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December 1974

The Extent of Operation for Primary Hyperparathyroidism

Author Affiliations

From the departments of general surgery (Dr. Block), medicine (Drs. Frame and Jackson), and pathology (Dr. Horn), Henry Ford Hospital, Detroit.

Arch Surg. 1974;109(6):798-801. doi:10.1001/archsurg.1974.01360060068018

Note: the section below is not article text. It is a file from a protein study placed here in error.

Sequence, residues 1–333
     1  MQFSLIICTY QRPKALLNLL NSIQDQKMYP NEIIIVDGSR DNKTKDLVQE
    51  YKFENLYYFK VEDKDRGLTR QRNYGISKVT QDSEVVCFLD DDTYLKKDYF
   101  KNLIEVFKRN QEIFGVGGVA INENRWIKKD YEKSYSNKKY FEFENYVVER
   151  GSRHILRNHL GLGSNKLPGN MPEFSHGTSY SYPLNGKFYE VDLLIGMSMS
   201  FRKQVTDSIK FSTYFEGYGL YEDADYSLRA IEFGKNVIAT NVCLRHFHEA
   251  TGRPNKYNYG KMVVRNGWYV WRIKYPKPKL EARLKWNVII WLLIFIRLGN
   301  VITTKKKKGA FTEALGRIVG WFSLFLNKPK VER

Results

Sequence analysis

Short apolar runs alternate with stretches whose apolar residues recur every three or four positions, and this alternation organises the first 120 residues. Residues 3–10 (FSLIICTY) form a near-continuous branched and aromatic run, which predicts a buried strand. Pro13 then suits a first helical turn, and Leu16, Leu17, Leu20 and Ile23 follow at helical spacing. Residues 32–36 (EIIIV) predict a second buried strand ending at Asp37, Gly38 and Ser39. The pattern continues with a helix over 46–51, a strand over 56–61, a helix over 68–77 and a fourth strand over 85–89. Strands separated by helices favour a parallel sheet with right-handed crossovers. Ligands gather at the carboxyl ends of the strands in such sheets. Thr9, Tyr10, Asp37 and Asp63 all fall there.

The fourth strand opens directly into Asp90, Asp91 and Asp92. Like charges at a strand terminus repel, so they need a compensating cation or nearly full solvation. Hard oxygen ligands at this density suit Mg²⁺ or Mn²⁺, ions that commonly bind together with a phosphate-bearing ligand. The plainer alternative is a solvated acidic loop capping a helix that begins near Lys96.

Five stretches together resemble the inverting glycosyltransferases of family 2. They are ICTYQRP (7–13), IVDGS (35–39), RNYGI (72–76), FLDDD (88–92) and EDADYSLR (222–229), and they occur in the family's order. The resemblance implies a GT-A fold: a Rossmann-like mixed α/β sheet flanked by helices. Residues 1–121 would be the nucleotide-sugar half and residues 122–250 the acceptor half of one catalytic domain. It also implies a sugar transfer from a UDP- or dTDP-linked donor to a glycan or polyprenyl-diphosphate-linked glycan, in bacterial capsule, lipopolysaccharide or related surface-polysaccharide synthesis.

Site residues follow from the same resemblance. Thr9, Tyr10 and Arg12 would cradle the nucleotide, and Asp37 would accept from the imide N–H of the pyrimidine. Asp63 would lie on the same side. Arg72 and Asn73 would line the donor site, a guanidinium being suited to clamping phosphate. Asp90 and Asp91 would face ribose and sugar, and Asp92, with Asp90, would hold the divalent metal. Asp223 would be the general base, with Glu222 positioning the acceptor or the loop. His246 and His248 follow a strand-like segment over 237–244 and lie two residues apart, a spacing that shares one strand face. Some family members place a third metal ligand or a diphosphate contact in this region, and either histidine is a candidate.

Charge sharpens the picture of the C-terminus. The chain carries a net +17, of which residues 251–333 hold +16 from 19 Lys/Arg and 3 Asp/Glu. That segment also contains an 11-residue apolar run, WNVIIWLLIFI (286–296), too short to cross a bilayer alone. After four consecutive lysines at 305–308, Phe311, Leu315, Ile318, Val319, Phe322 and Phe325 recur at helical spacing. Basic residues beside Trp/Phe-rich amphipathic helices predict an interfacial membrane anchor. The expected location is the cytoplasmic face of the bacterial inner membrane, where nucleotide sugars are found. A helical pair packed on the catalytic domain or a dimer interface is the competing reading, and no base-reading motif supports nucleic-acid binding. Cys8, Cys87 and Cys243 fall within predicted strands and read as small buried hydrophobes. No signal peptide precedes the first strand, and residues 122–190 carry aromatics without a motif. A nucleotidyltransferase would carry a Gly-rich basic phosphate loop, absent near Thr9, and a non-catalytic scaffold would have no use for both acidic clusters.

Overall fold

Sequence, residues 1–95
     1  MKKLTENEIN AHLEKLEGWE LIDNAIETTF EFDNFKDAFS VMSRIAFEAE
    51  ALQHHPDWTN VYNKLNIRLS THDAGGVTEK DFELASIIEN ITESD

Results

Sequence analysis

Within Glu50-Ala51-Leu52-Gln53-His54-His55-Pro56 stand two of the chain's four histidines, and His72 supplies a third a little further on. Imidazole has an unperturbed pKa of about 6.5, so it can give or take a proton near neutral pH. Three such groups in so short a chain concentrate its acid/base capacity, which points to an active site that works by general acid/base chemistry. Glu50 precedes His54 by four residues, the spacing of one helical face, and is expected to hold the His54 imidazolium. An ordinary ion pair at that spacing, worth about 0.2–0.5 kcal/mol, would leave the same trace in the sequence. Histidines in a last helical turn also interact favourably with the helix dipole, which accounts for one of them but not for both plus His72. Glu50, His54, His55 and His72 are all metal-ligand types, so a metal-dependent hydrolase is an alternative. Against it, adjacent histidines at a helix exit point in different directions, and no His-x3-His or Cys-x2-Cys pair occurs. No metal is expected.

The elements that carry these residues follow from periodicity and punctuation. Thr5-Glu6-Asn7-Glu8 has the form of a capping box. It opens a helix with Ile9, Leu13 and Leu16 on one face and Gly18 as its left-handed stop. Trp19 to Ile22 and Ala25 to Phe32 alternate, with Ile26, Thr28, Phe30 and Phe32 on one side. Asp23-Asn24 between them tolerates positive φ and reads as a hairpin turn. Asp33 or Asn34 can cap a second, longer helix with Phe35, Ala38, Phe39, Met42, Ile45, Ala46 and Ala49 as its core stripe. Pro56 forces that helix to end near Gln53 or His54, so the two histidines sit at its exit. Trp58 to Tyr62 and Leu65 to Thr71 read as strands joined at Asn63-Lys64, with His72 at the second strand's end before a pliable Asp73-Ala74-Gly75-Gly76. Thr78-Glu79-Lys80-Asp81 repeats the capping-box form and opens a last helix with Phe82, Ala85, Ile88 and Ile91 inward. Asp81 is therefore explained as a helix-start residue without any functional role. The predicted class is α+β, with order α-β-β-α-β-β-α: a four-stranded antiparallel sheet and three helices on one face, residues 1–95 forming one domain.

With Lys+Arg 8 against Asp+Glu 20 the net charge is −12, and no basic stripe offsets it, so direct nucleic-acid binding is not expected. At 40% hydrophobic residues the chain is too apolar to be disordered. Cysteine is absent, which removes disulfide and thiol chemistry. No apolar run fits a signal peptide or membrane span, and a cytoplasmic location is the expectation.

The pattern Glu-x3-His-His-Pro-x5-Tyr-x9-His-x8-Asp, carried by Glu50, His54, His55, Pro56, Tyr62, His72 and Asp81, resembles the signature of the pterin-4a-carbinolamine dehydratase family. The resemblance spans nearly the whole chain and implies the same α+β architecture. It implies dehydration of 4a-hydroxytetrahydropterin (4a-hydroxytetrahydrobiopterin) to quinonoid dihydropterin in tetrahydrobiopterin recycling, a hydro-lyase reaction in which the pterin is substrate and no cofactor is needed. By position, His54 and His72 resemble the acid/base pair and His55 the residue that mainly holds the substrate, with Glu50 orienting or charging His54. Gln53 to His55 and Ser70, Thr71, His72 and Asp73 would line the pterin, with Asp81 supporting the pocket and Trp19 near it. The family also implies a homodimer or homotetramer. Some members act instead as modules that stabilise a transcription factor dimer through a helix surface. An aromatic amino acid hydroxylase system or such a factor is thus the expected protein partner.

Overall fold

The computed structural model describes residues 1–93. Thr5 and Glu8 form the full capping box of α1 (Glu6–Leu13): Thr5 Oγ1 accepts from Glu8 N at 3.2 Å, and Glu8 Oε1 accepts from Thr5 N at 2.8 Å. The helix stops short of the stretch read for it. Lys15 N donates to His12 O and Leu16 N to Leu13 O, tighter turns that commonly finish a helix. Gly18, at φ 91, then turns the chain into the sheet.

Of 121 patients with primary hyperparathyroidism, 20% demonstrated hyperfunction in more than one parathyroid gland. Patterns of gross enlargement and microscopic hyperplasia varied greatly in patients with multiple parathyroid gland involvement. Persistence of hypercalcemia (2.6% this series) due to failure to remove all abnormal parathyroids is a greater problem than late recurrence (less than 1% this series), which is usually due to a single hyperplastic hyperparathyroid. To minimize persistent or recurrent hypercalcemia as well as permanent postoperative hypoparathyroidism (4% this series), a policy of selective subtotal parathyroidectomy is advocated. Subtotal parathyroidectomy is performed when multiple parathyroids are grossly enlarged or when all parathyroids are slightly enlarged and a fifth parathyroid is not evident, and is planned for conditions predisposing to multiple gland involvement (multiple endocrine adenoma syndrome, familial hyperparathyroidism, mild chronic renal insufficiency).